Terrifying flashbacks, disturbing dreams, intrusive memories, and social isolation are all part of the nightmare of living with post-traumatic stress disorder, or PTSD. PTSD is a serious anxiety disorder caused by exposure to a severely disturbing experience. Some of the traumatic experiences associated with PTSD include:
- Military combat
- Acts of terrorism
- Sexual assault
- Violent crime
- Physical or sexual abuse
- A natural disaster or fire
- A severe illness or disturbing medical diagnosis
You do not have to live through a traumatic event to experience the symptoms of PTSD. Losing a close friend or relative in traumatic circumstances, or even hearing about a trauma that somehow touches your life, can trigger PTSD. The symptoms may appear immediately after the event, or they may manifest themselves months or years later. The emotional distress, intrusive thoughts, and unpredictable flashbacks of PTSD greatly increase the risk of drug or alcohol abuse.
PTSD affects nearly 7 percent of American adults, according to the U.S. Department of Veterans Affairs. Approximately 3.6 of men and 9.7 of women in the US have experienced PTSD within their lifetime. Among teenage boys and girls, 3.7 of males and 6.3 percent of females have experienced PTSD.
How Common Is Substance Abuse With PTSD?
Substance abuse is a common side effect of PTSD. Current Opinions in Psychiatry notes that lifetime rates of substance abuse are as high as 43 percent among people with PTSD, a figure that is much higher than the general population. Among combat veterans, the rate of substance abuse is as high as 75 percent. While alcohol and drugs may initially help relieve the emotional trauma, hostility, and fear associated with PTSD, the neurological effects of these substances can eventually make the symptoms of this disorder much worse.
How Is PTSD Recognized?
The psychiatric community groups PTSD symptoms into four different categories:
- Intrusive flashbacks and nightmares. These memories of the traumatic event interfere with day-to-day activities, making it difficult to hold down a job, maintain healthy relationships, or interact socially with others. Events or people that trigger these memories can cause equally disturbing reactions.
- Avoidance of trauma triggers. In order to avoid the physical and emotional responses to traumatic memories, the individual with PTSD will often become socially isolated. Drugs or alcohol may be used as a way to escape these trauma triggers.
- Negative moods and emotions. PTSD can cause depression, anxiety, hostility, or emotional numbness. People with PTSD may have trouble leading fulfilling lives or maintaining relationships with others because of their fear, anxiety, or hopelessness about the future.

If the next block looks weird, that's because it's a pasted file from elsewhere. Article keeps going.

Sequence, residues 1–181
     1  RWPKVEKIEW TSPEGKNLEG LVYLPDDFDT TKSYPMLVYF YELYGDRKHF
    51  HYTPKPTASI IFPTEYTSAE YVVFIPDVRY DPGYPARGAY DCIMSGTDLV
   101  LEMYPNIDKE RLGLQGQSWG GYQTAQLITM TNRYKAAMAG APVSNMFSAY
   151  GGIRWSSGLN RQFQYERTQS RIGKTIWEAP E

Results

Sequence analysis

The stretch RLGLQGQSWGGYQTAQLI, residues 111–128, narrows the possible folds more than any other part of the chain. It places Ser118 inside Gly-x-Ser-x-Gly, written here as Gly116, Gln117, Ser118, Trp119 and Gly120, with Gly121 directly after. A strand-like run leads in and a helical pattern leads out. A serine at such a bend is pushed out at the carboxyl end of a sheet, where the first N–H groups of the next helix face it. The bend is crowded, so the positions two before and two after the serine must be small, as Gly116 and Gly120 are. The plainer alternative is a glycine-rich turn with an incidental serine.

- Hypersensitivity. People with PTSD can become angry, hostile, panicked, or frightened very quickly. They may react intensely to incidents or objects that seem insignificant to others. This hypersensitivity, also called hyper-arousal, can cause sleep disturbances, violent outbursts, guilt, shame, or an increased risk of alcohol and drug abuse.
PTSD can cause physical reactions as well as emotional and psychological responses. Individuals with this disorder often suffer from insomnia, stomach disturbances, headaches, and other psychosomatic symptoms.
Who Is Susceptible?
Why does PTSD affect some individuals rather than others? In many cases, PTSD is associated with a feeling of helplessness during the traumatic event. For instance, a woman who was unable to free herself from a rapist or a combat veteran who saw his fellow soldiers being taken hostage may be haunted by feelings of powerlessness about the event. They may even feel an unjustified sense of guilt or shame because they were unable to do anything to stop the incident. Other factors that make certain people more vulnerable to PTSD include:
- Another co-occurring mental illness, such as depression, anxiety, or a personality disorder
- A personal history of traumatic events, such as an abusive childhood or a high-risk career
- A lack of emotional support from family, friends, or coworkers
- A family background of mental illness
The severity of PTSD symptoms can change over time. An event that caused intense psychological trauma in adolescence, for example, may become easier to cope with in adulthood.
Is Help Available?
Having access to therapeutic treatment and a strong support network greatly increases the chances of recovering from PTSD and leading a healthy, rewarding life. Fortunately, there are several effective treatment options available for PTSD:
- Grief and trauma counseling. Therapists trained in grief or trauma resolution can help the patient reprocess the emotions associated with the event.
- Cognitive behavioral therapy (CBT). This behavioral modification therapy can help patients with PTSD learn to cope with the repetitive, negative thoughts and memories that characterize the disorder.
- Exposure therapy.Gradual exposure to the subject of trauma in a safe, clinically monitored environment can help reduce the severity of the patient’s response to the event.
- Psychiatric medications. Antidepressants and anti-anxiety medications can be extremely helpful at relieving anxiety and reducing feelings of shame, guilt, or depression.
- EMDR (eye movement desensitization and reprocessing).This unique therapy helps the patient process traumatic memories through rapid eye movements directed by a trained therapist.
At Axis, we provide compassionate rehab services for people struggling with the aftereffects of trauma. If you or a loved one needs help with PTSD and substance abuse, call our intake counselors today to learn more about our innovative, personalized recovery programs.